John Ferguson: Minty Fresh

By: Sep. 29, 2006
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You'd never know it if you just walked by that inconspicuous office building on West 43rd Street, but past the security guard and up a few flights is one of New York's finest museums of theatre history.  That's where The Mint Theater Company has been homesteading for nearly 10 years, regularly mounting forgotten plays, often by forgotten authors, in productions that remain faithful to the sensibilities of the playwright's time.  And in doing so, there's a unique freshness and vitality in their dedication to the past.  

Their newest offering, St. John Ervine's John Ferguson, premiered on Broadway over 75 years ago, only the second production of the legendary Theatre Guild, and its plot, believe it or not, is that old chestnut about a young woman promising to marry a man she doesn't love in order to help her family pay the mortgage on their farm.  But this is far from being some tired melodrama.  The play's focus is on the title character, John Ferguson (Robinson Carricart), an aging farmer in 1800's Ireland, who is no longer physically able provide for his family.  His son, Andrew (Justin Schultz), has left the seminary to tend to the farm, but has no talent for that sort of work.  John and his wife, Sarah (Joyce Cohen), expect a letter from his brother in Boston with money to pay off the mortgage, but when it doesn't arrive the family faces eviction.  Their cowardly neighbor, Jimmy Caesar (Mark Saturno), offers to pay their debt in exchange for the hand of their daughter, Hannah (Marion Woods), who despises him for his spinelessness. 

Here's where things get interesting.  Though Sarah see Jimmy's proposal as quick solution to all their problems, John regards himself as a pious man, looking to the Bible and his own faith in making decisions.  But eventually we see him as a man who uses religion as an excuse for his own inaction.  His belief that God will tell her what to do traps Hannah into deciding to sacrifice her own happiness for the sake of the family.  And as plot complications start turning toward the tragic, John's interpretation of scripture becomes more self-serving, evolving into downright hypocrisy.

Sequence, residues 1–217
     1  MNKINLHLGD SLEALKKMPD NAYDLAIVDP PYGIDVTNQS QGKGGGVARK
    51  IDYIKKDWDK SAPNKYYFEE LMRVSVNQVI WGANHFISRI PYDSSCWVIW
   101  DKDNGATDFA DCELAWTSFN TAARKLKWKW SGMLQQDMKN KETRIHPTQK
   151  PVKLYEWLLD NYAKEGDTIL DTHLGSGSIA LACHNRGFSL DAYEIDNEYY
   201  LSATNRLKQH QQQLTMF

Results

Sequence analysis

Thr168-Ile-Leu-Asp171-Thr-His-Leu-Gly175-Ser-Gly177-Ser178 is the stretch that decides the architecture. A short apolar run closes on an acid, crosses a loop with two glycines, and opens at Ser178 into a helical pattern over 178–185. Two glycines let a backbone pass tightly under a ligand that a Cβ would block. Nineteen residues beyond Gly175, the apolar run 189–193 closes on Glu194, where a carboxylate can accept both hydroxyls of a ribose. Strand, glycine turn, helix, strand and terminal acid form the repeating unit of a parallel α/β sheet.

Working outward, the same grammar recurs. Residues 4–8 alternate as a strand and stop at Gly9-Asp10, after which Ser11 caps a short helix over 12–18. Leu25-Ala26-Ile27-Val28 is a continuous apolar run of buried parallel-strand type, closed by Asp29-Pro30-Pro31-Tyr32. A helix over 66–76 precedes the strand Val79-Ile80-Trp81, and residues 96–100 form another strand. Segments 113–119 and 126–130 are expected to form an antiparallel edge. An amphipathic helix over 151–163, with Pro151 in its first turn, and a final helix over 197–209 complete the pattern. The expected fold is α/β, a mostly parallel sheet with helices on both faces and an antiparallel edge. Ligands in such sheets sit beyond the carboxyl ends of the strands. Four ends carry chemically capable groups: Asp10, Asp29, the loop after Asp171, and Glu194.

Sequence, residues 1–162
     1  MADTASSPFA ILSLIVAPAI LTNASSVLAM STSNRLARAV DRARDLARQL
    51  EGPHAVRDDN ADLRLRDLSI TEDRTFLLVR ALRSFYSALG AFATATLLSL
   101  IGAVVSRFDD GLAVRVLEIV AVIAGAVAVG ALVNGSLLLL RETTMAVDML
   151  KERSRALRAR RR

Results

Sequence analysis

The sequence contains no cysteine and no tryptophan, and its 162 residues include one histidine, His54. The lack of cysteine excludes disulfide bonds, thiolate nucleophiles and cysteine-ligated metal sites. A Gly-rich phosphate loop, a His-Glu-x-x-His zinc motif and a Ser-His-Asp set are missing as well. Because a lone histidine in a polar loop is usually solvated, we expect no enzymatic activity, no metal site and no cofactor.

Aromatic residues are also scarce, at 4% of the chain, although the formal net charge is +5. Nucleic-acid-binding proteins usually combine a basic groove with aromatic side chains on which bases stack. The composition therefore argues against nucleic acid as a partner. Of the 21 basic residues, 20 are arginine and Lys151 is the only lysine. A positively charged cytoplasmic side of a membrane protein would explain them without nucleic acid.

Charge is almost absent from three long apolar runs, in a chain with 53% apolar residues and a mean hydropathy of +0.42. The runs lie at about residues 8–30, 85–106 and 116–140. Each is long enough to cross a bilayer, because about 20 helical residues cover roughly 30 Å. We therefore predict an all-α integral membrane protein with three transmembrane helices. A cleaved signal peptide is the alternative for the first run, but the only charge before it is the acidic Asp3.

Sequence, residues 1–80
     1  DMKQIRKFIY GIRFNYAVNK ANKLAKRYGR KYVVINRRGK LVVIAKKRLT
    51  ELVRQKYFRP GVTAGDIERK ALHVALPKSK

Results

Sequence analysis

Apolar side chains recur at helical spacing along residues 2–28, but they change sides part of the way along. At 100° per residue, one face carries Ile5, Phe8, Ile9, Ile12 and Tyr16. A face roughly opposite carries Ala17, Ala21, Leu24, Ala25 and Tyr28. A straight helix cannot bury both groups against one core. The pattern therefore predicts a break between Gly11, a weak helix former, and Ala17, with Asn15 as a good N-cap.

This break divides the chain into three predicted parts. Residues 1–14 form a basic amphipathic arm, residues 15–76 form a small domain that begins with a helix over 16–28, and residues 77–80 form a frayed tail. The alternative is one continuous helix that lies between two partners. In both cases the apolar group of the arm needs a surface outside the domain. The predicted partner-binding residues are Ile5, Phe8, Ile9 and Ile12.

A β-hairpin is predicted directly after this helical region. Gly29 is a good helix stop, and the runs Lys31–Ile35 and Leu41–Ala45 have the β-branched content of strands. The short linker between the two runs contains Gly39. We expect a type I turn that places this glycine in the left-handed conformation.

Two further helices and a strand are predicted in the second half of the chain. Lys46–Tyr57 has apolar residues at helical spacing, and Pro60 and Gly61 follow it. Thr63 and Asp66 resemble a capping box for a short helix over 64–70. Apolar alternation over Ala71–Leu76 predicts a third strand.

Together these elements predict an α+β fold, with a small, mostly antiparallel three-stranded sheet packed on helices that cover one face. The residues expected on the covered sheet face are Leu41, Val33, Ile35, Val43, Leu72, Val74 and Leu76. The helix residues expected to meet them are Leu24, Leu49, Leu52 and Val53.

Martin Platt directs with a soft touch, allowing legitimate humor to blend with the life-changing urgency the characters are faced with.  Carricart makes for a sturdy and thoughtful central figure, providing a wall for Cohen's pragmatic Sarah to bounce off.  But the younger folks set the major sparks of the evening.  Saturno brings out an extraordinarily funny side of the cowering Ceasar without sacrificing realism and Woods gives a hard edge to her reluctantly dutiful daughter with silent reactions that speak volumes.  As the would-be minister, Schultz contributes significantly in the way he observes those around him and John Keating is quite charming as Clutie, perhaps the most intelligent village idiot I've ever come across. 


Fine design work by Bill Clarke (set) and Mattie Ullrich (costumes) convey the simplicity of the Ferguson home under Jeff Nellis effective lighting. 


With John Ferguson, The Mint has discovered another fascinating artifact from Broadway's past; simple in plot but full of rich language, good humor and drama that pulls you in. 


Photos by Richard Termine:  Top:  Robertson Carricart, Joyce Cohen and Marion Wood

Center: John Keating (above) and Justin Schultz

Bottom:  Robertson Carricart, Joyce Cohen, Mark Saturno and Marion Wood





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